SATURDAY'S concert by the Renaissance Choir, entitled '˜Lest We Forget', was given in commemoration of the ending of the First World War.

Sunday, 28th October 2018, 2:13 pm
Updated Sunday, 28th October 2018, 3:25 pm
The Renaissance Choir

The imaginative programming included works by English, French and German composers.

The choir began with Paul Hindemith's '˜Six Chansons', with the singers responsive to the shifting moods and textures of these short choral settings.

André Caplet's '˜Messe à Trois Voix' followed. This work can either be sung by male or female voices, but here conductor Peter Gambie cleverly alternated male and female voices and, to great effect, combined both.

Sign up to our daily newsletter

The i newsletter cut through the noise

The tricky exposed unison opening Kyrie for sopranos was well controlled, with its serene mood maintained as the altos entered and the music floated into expressive three-part harmony.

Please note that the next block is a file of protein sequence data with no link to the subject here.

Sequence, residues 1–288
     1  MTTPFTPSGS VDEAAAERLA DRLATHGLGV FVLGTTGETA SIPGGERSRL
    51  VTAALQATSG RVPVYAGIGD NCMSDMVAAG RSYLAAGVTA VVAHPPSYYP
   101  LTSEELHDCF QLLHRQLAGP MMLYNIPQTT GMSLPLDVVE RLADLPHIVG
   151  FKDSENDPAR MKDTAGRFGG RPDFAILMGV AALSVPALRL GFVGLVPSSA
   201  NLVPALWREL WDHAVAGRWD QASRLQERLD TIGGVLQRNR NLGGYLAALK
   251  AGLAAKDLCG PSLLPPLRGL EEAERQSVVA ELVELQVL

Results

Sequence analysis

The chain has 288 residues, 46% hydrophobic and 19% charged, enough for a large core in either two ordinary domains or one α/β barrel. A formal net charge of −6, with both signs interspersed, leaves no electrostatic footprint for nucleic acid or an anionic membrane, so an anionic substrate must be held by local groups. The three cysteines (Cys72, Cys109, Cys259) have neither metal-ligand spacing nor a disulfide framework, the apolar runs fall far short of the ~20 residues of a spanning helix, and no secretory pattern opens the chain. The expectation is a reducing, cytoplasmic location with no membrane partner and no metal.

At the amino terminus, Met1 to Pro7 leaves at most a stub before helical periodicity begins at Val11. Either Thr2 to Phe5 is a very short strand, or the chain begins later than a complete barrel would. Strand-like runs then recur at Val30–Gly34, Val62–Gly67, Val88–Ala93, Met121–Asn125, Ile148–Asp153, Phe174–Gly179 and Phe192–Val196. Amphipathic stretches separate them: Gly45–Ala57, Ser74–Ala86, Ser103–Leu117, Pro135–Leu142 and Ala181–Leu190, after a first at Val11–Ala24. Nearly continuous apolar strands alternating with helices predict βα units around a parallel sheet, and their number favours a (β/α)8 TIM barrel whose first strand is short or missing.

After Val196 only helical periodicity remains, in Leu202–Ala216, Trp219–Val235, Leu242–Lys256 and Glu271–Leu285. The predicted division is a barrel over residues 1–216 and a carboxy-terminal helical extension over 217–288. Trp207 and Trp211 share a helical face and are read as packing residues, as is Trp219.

Full throated singing from the men for the Gloria provided a well judged and striking contrast. The highlight for me here was the all too short, but beautifully performed Agnus Dei.

Vaughan Williams's '˜Dona Nobis Pacem' was ably accompanied by organist Mark Dancer. There were two places where I felt the additional instruments (trumpet and percussion) could have '˜backed off' a little. The first being the trumpet entry with the choir's first loud cries of '˜Dona Nobis' and the second the percussion contribution to the climax of '˜Dirge for Two Veterans'.

Susan Yarnall's pure toned voice was ideal for the soprano solo and baritone Andrew Dickinson sang effortlessly and with clear diction.

Jennifer Rye and Piers Burton-Page provided the readings and I particularly

enjoyed their interaction in Rudyard Kipling's '˜My Boy Jack'.